Author: bandsmer (Michael Bandsmer)
Date: 202003-Oct-09 23:27:42

Here's a problem I came across that has me stumped---perhaps someone here 
can figure it out.  (I have no idea how easy or hard it is.)

The problem is to build a combinational logic circuit with 3 inputs (x1, 
x2, x3) and 3 outputs (y1, y2, y3), such that
	y1 = NOT x1
	y2 = NOT x2
	y3 = NOT x3.
You can use as many AND gates and OR gates as you want, but at most 2 NOT 

Have you been taught to use k-maps?
I'm familiar with the k-map (Karnaugh map) method of generating logic equations/circuits, but I don't see how this method could be applied to this puzzle. (K-maps typically generate minimal AND/OR equations which are functions of the inputs *and the negations of those inputs*, but in this problem, we're limited to using just two inverters.) In fact, applying the k-map method, we'd just get the original equations y1 = NOT x1, y2 = NOT x2, y3 = NOT x3.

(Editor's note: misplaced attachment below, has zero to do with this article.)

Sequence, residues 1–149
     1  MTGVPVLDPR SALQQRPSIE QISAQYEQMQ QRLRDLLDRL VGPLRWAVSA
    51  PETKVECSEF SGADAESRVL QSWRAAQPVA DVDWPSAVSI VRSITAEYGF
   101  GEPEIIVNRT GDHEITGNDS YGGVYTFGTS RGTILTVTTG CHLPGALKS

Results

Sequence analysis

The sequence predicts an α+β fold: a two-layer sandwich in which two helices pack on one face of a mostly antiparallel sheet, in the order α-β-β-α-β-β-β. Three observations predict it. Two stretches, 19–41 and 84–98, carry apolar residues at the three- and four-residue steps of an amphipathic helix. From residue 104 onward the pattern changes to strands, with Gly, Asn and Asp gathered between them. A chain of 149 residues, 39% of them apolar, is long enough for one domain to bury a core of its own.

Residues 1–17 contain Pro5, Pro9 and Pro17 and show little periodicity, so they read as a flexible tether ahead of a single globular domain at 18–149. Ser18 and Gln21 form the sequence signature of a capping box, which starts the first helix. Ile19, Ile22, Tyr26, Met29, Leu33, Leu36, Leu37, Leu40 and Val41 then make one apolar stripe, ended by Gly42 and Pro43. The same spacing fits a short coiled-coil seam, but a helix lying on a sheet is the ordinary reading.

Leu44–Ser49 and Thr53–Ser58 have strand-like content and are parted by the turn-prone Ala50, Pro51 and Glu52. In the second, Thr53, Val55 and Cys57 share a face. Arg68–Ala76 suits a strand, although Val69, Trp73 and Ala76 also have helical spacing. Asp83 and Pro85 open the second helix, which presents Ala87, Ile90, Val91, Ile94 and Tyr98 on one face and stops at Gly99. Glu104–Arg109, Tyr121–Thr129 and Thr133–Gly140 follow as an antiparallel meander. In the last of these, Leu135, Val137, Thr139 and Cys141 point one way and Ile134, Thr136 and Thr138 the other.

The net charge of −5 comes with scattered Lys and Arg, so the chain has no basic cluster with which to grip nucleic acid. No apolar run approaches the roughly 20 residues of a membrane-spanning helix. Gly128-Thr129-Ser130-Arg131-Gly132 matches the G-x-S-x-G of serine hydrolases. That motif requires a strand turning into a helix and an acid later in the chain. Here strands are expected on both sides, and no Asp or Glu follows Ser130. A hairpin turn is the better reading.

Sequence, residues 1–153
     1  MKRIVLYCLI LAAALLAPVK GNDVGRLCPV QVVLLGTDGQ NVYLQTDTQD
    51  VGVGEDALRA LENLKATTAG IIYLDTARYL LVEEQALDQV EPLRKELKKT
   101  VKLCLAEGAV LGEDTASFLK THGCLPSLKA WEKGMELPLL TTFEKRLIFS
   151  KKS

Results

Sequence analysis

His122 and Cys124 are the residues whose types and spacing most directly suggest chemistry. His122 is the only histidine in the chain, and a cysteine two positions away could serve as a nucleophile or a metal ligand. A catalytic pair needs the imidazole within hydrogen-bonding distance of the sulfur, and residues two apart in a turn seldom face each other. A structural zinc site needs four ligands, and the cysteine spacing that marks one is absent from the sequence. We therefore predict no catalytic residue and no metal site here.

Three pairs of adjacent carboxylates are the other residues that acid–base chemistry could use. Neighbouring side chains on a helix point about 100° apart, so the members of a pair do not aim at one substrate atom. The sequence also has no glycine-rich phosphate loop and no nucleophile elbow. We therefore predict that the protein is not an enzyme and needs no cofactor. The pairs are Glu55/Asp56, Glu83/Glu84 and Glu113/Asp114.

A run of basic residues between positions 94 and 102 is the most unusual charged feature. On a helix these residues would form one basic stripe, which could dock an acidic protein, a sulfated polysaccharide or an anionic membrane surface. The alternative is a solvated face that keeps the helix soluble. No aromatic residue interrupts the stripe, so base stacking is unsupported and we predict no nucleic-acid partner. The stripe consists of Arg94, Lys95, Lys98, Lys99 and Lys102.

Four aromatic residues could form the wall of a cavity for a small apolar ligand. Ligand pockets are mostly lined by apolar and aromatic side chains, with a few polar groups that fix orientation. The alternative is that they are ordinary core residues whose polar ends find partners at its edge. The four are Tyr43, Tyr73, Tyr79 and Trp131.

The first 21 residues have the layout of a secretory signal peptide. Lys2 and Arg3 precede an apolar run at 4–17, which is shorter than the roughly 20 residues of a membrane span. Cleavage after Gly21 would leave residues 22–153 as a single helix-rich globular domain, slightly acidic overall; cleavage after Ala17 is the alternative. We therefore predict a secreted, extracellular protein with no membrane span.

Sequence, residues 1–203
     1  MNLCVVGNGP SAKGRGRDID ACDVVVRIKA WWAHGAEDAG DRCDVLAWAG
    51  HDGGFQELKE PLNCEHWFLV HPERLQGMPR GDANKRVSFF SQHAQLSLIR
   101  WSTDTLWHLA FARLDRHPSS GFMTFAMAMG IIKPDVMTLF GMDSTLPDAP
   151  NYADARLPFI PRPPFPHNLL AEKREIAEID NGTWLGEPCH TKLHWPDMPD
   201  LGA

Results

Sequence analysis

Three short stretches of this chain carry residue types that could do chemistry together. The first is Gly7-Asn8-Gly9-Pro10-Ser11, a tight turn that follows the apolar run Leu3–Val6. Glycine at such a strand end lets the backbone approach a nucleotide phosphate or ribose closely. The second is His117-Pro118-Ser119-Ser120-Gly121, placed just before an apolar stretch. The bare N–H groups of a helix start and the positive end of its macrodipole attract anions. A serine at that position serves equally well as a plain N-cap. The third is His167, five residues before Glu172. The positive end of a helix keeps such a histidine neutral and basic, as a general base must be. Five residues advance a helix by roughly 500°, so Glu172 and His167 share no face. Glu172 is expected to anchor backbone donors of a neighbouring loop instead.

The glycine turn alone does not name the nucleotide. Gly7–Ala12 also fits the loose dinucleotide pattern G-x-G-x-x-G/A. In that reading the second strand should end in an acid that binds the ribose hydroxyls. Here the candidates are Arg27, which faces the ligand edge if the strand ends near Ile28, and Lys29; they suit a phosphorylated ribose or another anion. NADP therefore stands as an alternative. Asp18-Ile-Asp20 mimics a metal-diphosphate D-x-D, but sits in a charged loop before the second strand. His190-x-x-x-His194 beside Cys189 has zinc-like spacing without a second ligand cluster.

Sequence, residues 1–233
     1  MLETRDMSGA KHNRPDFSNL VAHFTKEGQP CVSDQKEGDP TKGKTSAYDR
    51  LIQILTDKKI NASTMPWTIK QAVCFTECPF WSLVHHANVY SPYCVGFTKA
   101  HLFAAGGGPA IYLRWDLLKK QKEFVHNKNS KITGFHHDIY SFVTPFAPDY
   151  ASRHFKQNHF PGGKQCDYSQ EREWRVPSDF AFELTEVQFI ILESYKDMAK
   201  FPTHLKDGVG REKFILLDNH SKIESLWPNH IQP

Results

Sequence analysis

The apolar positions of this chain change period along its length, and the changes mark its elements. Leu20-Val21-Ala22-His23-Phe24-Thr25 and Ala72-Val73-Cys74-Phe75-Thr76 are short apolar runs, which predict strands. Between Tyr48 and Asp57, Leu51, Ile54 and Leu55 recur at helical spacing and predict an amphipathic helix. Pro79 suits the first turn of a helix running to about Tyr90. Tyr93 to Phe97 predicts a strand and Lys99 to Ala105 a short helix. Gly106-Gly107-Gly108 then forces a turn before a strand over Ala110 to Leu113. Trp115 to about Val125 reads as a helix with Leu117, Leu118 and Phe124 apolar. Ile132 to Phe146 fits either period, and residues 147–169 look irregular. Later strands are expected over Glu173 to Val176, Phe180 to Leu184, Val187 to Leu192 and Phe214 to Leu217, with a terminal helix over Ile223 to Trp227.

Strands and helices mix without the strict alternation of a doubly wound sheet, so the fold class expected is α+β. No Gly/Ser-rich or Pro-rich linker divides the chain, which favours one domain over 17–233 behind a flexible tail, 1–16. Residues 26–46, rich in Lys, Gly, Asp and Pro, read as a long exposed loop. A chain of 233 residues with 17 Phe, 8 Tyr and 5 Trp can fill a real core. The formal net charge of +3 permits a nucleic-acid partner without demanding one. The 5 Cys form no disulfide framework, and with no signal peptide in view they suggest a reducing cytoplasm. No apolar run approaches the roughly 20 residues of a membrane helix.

Is this even possible? Each of the 3 input/output pairs are completely independant, so there is no way to group them with k-maps, etc. You might as well try to build 3 seperate circuits with only 2 not gates. I'm not sure it can be done?/
Yes, it can be done (a somewhat surprising result to me as well). I had to write a program to find a solution because it was too laborious to work through all the possibilities by hand. It turns out there is only 1 solution. Following convention, denote OR's by addition, AND's by multiplication, and NOT's by the "/" operator. INPUTS: a,b,c Use the 2 inverters to calculate: d = /(ab+ac+bc) e = /(abc + d(a+b+c)) Then, calculate the outputs A = (b+c)d + (bc+d)e B = (a+c)d + (ac+d)e C = (a+b)d + (ab+d)e It is easily verified that A=/a, B=/b, and C=/c, so this is our solution. I don't know of any to come up with the above equations except through a brute force search. I find it curious, however, that as part of our solution we had to implement a full adder, i.e. /e = a XOR b XOR c = sum bit out when adding a,b,c /d = ab+ac+bc = carry bit out when adding a,b,c Coincidence?